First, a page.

“RNID has already produced our own guidance for employers and set out best practice for how deaf members of staff can be supported across an organisation. We hope the government will consider using this content and working with disability organisations to provide employers with information informed by the needs of people with lived experience.”

The government has also announced a consultation on its green paper: ‘Shaping Future Support: The Health and Disability green paper’, which will include proposals on the provision of employment support to disabled people. The government has said they acknowledge that a ‘one size fits all’ approach to employment support cannot work for everyone and that tailored support needs to be offered.

Roger Wicks added:

“We welcome the government’s focus on personalised employment support and we will be calling for specialist provision to be made available to deaf people. We know from the services we have run that employment support led by staff who understand the barriers that deaf people face and can therefore make tailored suggestions to meet individual needs, produces better results. This provision often isn’t the case with existing government specialist employment schemes which rely on generic providers or secondary contracting which means many deaf people are left without specialist support.”

ENDS


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Notes to editors

  • Read or download our employers’ guide to supporting employees who are deaf or have hearing loss to thrive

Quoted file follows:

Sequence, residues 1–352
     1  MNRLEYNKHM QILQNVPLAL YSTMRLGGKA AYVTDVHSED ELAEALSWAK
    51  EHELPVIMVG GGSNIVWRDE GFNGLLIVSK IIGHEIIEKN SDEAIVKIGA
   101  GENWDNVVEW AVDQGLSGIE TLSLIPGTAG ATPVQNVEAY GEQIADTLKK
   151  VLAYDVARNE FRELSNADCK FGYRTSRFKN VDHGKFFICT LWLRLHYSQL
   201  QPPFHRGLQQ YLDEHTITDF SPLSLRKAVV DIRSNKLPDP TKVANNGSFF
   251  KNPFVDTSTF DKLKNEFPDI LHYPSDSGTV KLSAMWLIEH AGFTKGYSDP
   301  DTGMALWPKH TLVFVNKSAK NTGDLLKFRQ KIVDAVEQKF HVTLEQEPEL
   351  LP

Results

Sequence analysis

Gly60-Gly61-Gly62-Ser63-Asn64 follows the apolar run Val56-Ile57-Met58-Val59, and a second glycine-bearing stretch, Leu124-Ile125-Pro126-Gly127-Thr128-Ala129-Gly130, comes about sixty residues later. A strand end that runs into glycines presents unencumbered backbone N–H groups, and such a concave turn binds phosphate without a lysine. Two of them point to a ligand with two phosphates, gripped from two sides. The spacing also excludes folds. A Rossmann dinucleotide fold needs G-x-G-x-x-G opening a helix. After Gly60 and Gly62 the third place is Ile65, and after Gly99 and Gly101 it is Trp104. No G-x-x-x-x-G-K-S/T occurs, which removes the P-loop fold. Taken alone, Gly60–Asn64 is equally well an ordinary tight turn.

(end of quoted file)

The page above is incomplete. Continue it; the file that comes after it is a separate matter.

• For more information on our social research on the needs of people who are deaf or have a hearing loss in the workplace, read our Working For Change report.
  • Read the DWP’s report Health is everyone’s business: Government response to the consultation on proposals to reduce ill-health related job loss
  • Read the DWP’s Green Paper Shaping Future Support The Health and Disability Green Paper
  • RNID is the national charity making life fully inclusive for deaf people and those with hearing loss or tinnitus.
  • Currently, one in five adults in the UK have a form of hearing loss. One in eight people have tinnitus. 
  • RNID was founded in 1911. For more than 100 years the charity has pioneered new treatments for hearing loss and tinnitus. It has promoted access to sign language and subtitles, brought in free hearing tests for new-born babies, worked with technology for cochlear implants and developed techniques to help people cope with tinnitus. 
  • We’re a collective force campaigning for an inclusive society. We make deaf people, and those with hearing loss and tinnitus, part of the conversation to drive change – and help friends and families, workplaces and communities stay connected. We’re a trusted source of practical advice and we pioneer new treatments for hearing loss and tinnitus. We’ve been around for over 100 years and, until everyone is 100% included, we’re here to stay. 
  • Our Information Line offers free confidential and impartial information on a range of subjects related to hearing loss and tinnitus. It is open between 9am and 5pm, Monday to Friday. Call: 0808 808 0123. Live chat and British Sign Language (BSL) Information Line is available on our website at www.rnid.org.uk.   
  • Visit our website for more information and support on all topics that deaf people or those with hearing loss or tinnitus face: www.rnid.org.uk